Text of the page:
Privacy commissioners in Ontario and British Columbia are investigating a recent cyber attack on LifeLabs, a medical testing and laboratory services company.
According to a customer service note on the LifeLabs website and a statement from the two commissioners, over 15 million people had their personal data breached in the attack.
The majority of those people were residents in B.C. and Ontario, and the data included customers’ names, addresses, emails, logins, passwords, dates of birth, health card numbers, and lab test results, LifeLabs says.
On November 1st, 2019, the company notified the Office of the Information and Privacy Commissioner of Ontario (IPC) and the Office of the Information and Privacy Commissioner for British Columbia (OIPC) about the attack.
LifeLabs then consulted with outside cybersecurity firms and made a ransom payment to secure the data. They did not disclose how much was paid.
The company says their systems have been strengthened to prevent a future attack, and that all customers potentially affected by the hack can access one year of cyber security protections. These protections include dark web monitoring and insurance for identity theft and fraud.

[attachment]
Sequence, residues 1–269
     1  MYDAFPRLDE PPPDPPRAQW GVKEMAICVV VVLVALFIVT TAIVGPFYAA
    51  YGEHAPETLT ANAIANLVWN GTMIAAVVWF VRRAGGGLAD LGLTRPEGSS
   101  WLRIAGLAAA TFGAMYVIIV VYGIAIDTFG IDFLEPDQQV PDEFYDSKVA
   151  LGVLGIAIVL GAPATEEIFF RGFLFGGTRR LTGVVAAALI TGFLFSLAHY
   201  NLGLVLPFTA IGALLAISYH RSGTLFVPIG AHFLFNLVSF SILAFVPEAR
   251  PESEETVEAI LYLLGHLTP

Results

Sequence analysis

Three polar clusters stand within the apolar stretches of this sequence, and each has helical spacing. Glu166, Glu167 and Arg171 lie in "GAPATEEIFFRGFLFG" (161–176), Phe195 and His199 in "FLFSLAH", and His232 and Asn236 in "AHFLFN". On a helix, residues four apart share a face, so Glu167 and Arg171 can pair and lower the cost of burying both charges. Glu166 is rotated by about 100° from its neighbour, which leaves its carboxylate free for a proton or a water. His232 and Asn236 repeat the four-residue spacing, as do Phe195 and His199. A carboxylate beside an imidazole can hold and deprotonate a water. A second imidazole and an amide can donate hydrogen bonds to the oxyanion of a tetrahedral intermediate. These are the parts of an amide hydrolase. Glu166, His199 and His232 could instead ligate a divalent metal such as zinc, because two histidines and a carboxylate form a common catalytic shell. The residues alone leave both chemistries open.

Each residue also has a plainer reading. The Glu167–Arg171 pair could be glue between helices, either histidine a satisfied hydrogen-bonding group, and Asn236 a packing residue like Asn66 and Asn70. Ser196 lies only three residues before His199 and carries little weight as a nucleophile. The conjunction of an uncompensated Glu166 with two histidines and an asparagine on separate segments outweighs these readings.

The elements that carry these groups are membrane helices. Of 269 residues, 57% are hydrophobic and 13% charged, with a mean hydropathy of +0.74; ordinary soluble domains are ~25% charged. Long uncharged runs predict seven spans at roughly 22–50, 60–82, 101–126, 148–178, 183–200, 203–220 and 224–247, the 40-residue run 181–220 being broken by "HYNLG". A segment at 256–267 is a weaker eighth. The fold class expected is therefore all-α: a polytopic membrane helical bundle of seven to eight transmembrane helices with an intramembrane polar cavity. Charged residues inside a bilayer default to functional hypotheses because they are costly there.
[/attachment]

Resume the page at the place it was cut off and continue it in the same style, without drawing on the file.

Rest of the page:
“Personally, I want to say I am sorry that this happened,” said LifeLabs President and CEO Charles Brown in the company’s customer service note.
“As we manage through this issue, my team and I remain focused on the best interests of our customers. You entrust us with important health information, and we take that responsibility very seriously.”
In a joint press release from the IPC and OIPC, Michael McEvoy, information and privacy commissioner for B.C. said, “I am deeply concerned about this matter. The breach of sensitive personal health information can be devastating to those who are affected.”
“Our independent offices are committed to thoroughly investigating this breach. We will publicly report our findings and recommendations once our work is complete.”
This is the second privacy concern from the company in recent years.
In 2013, a hard drive was stolen from a LifeLabs computer in Kamloops that contained personal information including patients’ names, addresses, and health care numbers.
The hard drive was lost in January but authorities were notified of the security breach in June. Over 16,000 people were affected by the theft.